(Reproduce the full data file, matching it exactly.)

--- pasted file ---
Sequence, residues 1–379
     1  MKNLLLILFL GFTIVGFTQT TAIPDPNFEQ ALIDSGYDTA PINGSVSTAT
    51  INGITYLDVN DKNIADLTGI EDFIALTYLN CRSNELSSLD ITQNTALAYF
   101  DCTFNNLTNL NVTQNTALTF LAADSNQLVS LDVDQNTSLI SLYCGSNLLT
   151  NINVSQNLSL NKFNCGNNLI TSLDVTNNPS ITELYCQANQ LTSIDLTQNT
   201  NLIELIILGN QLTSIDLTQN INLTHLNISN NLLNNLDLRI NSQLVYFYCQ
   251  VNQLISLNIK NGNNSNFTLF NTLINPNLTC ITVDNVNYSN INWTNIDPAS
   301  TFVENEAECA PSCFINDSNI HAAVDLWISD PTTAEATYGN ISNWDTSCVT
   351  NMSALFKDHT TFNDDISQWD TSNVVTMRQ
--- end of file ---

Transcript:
Sequence, residues 1–379
     1  MKNLLLILFL GFTIVGFTQT TAIPDPNFEQ ALIDSGYDTA PINGSVSTAT
    51  INGITYLDVN DKNIADLTGI EDFIALTYLN CRSNELSSLD ITQNTALAYF
   101  DCTFNNLTNL NVTQNTALTF LAADSNQLVS LDVDQNTSLI SLYCGSNLLT
   151  NINVSQNLSL NKFNCGNNLI TSLDVTNNPS ITELYCQANQ LTSIDLTQNT
   201  NLIELIILGN QLTSIDLTQN INLTHLNISN NLLNNLDLRI NSQLVYFYCQ
   251  VNQLISLNIK NGNNSNFTLF NTLINPNLTC ITVDNVNYSN INWTNIDPAS
   301  TFVENEAECA PSCFINDSNI HAAVDLWISD PTTAEATYGN ISNWDTSCVT
   351  NMSALFKDHT TFNDDISQWD TSNVVTMRQ